William H. Ashley slammed his tin cup on the crude slats of the table. The carefully groomed gray of his beard did not conceal the tight clench of his jaw. For its part, the clenched jaw seemed unlikely to contain another outburst, as Ashley found himself confronting again the one thing he despised above all else—waiting.
The Frenchman, with the unlikely name of Kiowa Brazeau, watched Ashley with growing trepidation. Ashley's presence at Kiowa's remote trading post presented a rare opportunity, and Kiowa knew that the successful management of this relationship could lay a permanent foundation for his venture. Ashley was a prominent man in St. Louis business and politics, a man with both the vision to bring commerce to the West and the money to make it happen. "Other people's money," as Ashley had called it. Skittish money. Nervous money. Money that would flee easily from one speculative venture to the next.
Kiowa squinted behind his thick spectacles, and though his vision was not sharp, he had a keen eye for reading people. "If you will indulge me, Monsieur Ashley, perhaps I can offer one consolation while we await my boat."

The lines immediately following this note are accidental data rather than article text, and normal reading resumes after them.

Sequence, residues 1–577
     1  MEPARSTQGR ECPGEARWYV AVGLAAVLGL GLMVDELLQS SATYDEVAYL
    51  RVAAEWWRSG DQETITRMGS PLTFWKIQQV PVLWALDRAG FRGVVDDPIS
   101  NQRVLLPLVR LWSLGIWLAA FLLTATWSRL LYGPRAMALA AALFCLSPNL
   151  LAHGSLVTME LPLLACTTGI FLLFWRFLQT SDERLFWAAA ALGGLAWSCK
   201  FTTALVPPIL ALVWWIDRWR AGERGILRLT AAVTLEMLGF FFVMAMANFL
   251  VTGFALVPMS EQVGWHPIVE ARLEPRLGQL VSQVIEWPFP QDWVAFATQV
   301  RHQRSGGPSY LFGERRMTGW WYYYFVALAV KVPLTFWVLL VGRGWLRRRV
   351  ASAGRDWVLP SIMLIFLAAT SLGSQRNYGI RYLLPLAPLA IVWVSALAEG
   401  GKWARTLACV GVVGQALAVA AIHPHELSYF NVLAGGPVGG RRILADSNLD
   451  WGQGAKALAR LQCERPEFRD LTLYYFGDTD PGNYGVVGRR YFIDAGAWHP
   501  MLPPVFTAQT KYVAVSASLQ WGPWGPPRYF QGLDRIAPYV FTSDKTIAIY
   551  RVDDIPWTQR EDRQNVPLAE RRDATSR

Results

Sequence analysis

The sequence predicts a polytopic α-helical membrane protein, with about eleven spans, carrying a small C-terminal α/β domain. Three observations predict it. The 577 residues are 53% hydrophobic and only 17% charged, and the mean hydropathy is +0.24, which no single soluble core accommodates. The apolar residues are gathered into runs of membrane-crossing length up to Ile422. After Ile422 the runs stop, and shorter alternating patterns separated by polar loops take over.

Ashley offered no affirmative acknowledgment, but neither did he renew his tirade.
"I need to requisition more provisions from St. Louis," said Kiowa. "I'll send a courier downstream tomorrow by canoe. He can carry a dispatch from you to your syndicate. You can reassure them before rumors about Colonel Leavenworth's debacle take root."
Ashley sighed deeply and took a long sip of the sour ale, resigned, through lack of alternative, to endure this latest delay. Like it or not, the Frenchman's advice was sound. He needed to reassure his investors before news of the battle ran unchecked through the streets of St. Louis.